Why Palestine Solidarity in Anti Capitalist Resistance?

Anti Capitalist Resistance (ACR) is an internationalist organisation currently being set up by revolutionary Marxists. Its internationalism is expressed in the attention it gives to struggles for self-determination and liberation around the world, with key international links already in place through participation in ACR of members of the Fourth International. That attention to self-determination, and the right of subject nations to organise themselves independently, is also expressed in the decision by ACR to organise itself in England and Wales, not in Scotland. We work with comrades north of the border to support their autonomous organisation of revolutionary Marxists in Scotland, and so to hasten the break-up of the so-called United Kingdom. We are working with revolutionaries in Wales to hasten the point where they organise themselves independently of direction from England. The break-up of the British state apparatus is part of our struggle for an alternative socialist society that respects local and regional and national self-organisation.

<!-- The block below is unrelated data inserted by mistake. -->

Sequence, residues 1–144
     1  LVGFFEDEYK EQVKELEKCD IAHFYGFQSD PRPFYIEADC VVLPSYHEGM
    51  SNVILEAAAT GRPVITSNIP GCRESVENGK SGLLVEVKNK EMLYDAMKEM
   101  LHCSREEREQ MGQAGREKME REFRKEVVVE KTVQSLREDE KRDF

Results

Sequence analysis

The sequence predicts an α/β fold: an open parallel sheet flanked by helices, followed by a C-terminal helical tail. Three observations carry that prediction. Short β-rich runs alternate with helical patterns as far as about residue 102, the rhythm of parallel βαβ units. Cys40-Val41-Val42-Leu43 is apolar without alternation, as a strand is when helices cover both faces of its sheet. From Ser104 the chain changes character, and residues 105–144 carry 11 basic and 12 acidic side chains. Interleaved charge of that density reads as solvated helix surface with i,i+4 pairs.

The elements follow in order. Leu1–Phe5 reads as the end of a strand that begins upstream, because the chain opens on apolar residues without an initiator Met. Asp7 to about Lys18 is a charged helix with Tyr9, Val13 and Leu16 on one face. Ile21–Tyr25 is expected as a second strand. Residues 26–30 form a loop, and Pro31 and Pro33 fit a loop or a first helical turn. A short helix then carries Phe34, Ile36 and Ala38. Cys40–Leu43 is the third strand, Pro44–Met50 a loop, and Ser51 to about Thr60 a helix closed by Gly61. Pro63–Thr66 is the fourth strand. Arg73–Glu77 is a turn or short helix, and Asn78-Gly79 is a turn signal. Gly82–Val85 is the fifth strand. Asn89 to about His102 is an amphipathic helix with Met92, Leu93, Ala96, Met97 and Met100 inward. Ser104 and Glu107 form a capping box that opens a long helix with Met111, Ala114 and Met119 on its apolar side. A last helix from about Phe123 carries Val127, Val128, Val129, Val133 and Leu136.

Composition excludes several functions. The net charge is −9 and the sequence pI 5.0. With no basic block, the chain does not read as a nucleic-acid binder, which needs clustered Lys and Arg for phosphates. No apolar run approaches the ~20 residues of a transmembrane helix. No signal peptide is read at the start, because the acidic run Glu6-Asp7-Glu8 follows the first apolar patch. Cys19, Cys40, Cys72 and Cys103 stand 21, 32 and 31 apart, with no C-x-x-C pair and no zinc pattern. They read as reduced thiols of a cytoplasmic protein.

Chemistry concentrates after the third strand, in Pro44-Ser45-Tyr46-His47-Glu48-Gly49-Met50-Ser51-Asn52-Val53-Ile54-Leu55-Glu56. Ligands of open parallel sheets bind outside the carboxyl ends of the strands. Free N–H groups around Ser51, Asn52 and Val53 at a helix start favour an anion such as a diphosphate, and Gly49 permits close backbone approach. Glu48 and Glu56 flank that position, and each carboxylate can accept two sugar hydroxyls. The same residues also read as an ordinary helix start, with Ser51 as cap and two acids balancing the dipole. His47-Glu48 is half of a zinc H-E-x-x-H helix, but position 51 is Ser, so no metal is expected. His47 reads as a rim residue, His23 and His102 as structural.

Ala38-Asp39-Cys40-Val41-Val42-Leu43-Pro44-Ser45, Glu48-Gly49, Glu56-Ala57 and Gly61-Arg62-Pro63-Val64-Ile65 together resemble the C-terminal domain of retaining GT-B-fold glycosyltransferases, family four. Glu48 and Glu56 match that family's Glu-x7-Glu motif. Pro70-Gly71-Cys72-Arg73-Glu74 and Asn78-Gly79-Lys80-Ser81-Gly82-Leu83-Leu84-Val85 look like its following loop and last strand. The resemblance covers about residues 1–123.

So, why flag up Palestine solidarity as a particularly important issue here? Well, first, of course, the British state is historically implicated in the foundation of the state of Israel, the gifting of land belonging to another people to the future Israeli state. That gives us particular responsibilities as revolutionaries. It should be noted that the Balfour declaration in 1917 which promised ‘a national home for the Jewish people’ on Palestinian land was not actually welcomed by many Jews in Britain. They suspected that this declaration was designed to increase pressure on them to leave Britain, their home, and settle somewhere else. They had been victims of racism here, among the first so-called ‘aliens’ to be targeted with immigration legislation, that is anti-immigrant legislation, and there was significant support for the foundation of Israel by antisemites. Up to the present-day many antisemites support Israel because they want Jews out of their own countries. This antisemitic support for Israel is consolidated by Christian Zionism, which is prevalent in the United States. Those Christian Zionists who expect the end days of the world to be marked by the ‘rapture’ after the Jews have been gathered in Israel, and do not give a damn about the Jews, or the Palestinians.